# Number of distinct sets in a $\sigma$-algebra

Let $F = \{E_1, E_2, ..., E_n\}$ be a collection of $n$ subsets of a set $X$, where $n$ is a positive integer. How many distinct sets could there be in $\sigma(F)$?

Here are my thoughts: the largest that $\sigma(F)$ could be would be the power set of $F$, with $2^n$ elements.
This doesn't satisfy me (and is probably wrong!) because a) our prof said that the answer is much larger than $2^n$, and b) this doesn't use the hypothesis about the sets $E_i$ in any way.
How can I begin to wrap my head around this?

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Have you looked at small cases, like $n = 2$? Here $2^n$ is correct if $E_1$ and $E_2$ are disjoint, but in general... – Qiaochu Yuan Aug 31 '11 at 16:27
As far as I can tell, $X$ and the sets $E_i$ are arbitrary. So they might not be disjoint. I'll keep brainstorming some concrete examples where they are not disjoint. Thanks, guys. – The Chaz 2.0 Aug 31 '11 at 16:39
While not exactly the same question this may be a good hint for you: math.stackexchange.com/questions/48923/question-about-subsets – Asaf Karagila Aug 31 '11 at 16:43
You seem to be a bit confused. $\sigma(F)$ is a subset of the power set of $X$, not of the power set of $F$, so the number of elements is not necessarily bounded by the size of the poweer set of $F$. – Arturo Magidin Aug 31 '11 at 17:04
@Qiaochu: Even $E_1$ and $E_2$ are disjoint and $n=2$, the answer need not be $2^n=4$. For example, if $X=\{1,2,3\}$, $E_1 = \{1\}$, $E_2=\{2\}$, $\sigma(F)$ contains at least $X$, $\emptyset$, $\{1\}$, $\{2\}$, and $\{1,2\}$, which already gives you 5 elements, more than $2^2$. Here, you have $8$ elements in $\sigma(F)$. If $E_1$ and $E_2$ are disjoint and their union is all of $X$, though, then you would be correct that $\sigma(F)$ would have $2^2$ elements. – Arturo Magidin Aug 31 '11 at 19:47

For each $x\in X$, consider the function $\chi_x\colon \mathcal{P}(X)\to \{0,1\}$ given by the "membership function"; that is, $\chi_x(E) = 1$ if $x\in E$, and $\chi_x(E)=0$ if $x\notin E$.

Define a relation on $X$ by $x\sim y$ if and only if $\chi_x(E_i)=\chi_y(E_i)$ for $i=1,\ldots,n$. It is easy to see that this is an equivalence relation.

Question. If $x\sim y$, will $\chi_x(E) = \chi_y(E)$ for all $E\in\sigma(F)$?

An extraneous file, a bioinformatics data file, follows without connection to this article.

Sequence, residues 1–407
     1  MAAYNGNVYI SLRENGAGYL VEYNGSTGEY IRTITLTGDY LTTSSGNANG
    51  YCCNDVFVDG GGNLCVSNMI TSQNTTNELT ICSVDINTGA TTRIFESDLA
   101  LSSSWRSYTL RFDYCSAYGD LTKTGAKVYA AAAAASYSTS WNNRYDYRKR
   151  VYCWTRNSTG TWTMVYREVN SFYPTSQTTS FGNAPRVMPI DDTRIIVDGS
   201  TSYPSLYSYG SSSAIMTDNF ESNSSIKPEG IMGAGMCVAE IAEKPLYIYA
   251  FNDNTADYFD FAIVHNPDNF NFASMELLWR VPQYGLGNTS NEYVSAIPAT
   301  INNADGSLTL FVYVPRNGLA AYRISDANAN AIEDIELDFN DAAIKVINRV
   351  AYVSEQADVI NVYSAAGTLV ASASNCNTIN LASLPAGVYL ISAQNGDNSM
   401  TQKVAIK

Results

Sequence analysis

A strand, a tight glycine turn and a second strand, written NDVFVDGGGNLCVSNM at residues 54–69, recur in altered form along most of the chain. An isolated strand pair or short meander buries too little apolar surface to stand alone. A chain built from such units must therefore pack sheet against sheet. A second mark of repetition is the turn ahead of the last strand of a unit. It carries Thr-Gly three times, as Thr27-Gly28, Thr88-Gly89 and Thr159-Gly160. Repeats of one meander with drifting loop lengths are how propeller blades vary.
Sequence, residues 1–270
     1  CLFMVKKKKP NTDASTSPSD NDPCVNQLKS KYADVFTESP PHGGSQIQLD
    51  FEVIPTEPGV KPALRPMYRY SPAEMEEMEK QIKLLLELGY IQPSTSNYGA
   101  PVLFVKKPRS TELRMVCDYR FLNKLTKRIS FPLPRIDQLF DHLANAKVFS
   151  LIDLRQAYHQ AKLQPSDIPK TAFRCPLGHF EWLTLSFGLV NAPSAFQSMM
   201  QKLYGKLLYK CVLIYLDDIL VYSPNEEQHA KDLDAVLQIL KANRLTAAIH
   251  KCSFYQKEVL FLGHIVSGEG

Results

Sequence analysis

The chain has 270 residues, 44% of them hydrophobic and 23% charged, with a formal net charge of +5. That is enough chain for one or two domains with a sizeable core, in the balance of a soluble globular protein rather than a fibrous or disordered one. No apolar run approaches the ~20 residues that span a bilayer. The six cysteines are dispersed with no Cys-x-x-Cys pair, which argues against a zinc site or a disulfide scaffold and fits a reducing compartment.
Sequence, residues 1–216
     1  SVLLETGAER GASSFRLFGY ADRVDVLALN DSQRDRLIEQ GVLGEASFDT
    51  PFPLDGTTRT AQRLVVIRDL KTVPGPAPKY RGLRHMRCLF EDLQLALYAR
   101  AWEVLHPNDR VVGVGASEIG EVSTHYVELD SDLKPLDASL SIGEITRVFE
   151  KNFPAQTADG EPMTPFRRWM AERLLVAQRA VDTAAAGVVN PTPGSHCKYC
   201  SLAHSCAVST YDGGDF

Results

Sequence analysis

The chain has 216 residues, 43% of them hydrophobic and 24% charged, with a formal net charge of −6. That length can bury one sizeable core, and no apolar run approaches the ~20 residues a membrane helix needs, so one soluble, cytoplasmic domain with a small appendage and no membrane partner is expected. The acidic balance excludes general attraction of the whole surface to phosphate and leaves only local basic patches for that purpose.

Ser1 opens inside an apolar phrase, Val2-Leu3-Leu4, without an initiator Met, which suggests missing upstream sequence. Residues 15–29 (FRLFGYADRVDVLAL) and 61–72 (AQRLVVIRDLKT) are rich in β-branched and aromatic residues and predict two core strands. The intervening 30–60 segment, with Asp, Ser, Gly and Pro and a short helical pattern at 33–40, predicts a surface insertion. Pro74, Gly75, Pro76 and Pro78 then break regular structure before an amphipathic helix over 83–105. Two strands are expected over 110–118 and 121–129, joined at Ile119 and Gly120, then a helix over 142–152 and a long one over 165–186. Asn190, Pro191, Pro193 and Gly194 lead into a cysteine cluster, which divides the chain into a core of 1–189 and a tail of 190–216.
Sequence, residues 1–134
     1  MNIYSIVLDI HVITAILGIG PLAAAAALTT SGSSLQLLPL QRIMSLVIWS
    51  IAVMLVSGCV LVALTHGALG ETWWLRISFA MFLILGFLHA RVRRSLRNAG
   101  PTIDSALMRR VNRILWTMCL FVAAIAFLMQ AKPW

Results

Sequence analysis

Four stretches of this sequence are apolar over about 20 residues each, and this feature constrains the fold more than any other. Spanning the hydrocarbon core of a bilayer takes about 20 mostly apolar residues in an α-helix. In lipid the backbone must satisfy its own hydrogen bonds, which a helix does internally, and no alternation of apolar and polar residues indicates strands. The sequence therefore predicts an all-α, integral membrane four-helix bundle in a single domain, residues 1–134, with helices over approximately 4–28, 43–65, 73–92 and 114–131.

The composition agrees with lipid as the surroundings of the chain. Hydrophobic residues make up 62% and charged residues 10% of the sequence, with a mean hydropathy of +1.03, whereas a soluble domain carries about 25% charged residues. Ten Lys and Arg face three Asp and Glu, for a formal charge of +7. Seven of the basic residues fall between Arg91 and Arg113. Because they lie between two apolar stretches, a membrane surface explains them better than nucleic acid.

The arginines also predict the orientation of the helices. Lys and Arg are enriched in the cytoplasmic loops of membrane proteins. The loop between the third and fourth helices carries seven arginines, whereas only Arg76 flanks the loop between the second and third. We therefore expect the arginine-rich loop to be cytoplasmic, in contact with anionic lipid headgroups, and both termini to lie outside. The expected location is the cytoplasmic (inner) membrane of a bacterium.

To see that the answer is "yes", let $M(x,y)\subseteq \mathcal{P}(X)$ be the set of all subsets of $X$ on which $\chi_x$ and $\chi_y$ agree. Clearly, $F\subseteq M(x,y)$. Prove that $M(x,y)$ is a $\sigma$-algebra.

Then show that we can consider the question in $X/\sim$ instead of $X$ (intuitively: if the sets in $F$ cannot distinguish between $x$ and $y$, then neither can the sets in $\sigma(F)$, so you may as well consider $x$ and $y$ "the same point"). This set has at most $2^n$ elements (the possible values of the membership function on $F$). What does that tell you about $\sigma(F)$? Since it is a subset of $\mathcal{P}(X)$, it has at most $2^{2^n}$ elements.

To verify that this is indeed the best you can say, try to construct a set $X$ with $2^n$ elements, and an $F$ with $n$ such that $\sigma(F)$ is all of $\mathcal{P}(X)$. Hint: Take $X=\{0,1,\ldots,2^{n}-1\}$, and think binary expansion.

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Many thanks. What is X / ~ ? Also, would it be correct to say that we are reducing the problem to the sigma-algebra of a set with $2^n$ elements? – The Chaz 2.0 Aug 31 '11 at 18:31
@The Chaz: If $A$ is a set and $\sim$ is an equivalence relation, then $A/\sim$ is the set of all equivalence classes of $A$ under $\sim$; basically, one element for every equivalence class. It's called the "quotient of $A$ modulo $\sim$. When we go to $X/\sim$, we are reducing the problem to a set $X$ with at most $2^n$ elements (it could have fewer). – Arturo Magidin Aug 31 '11 at 18:42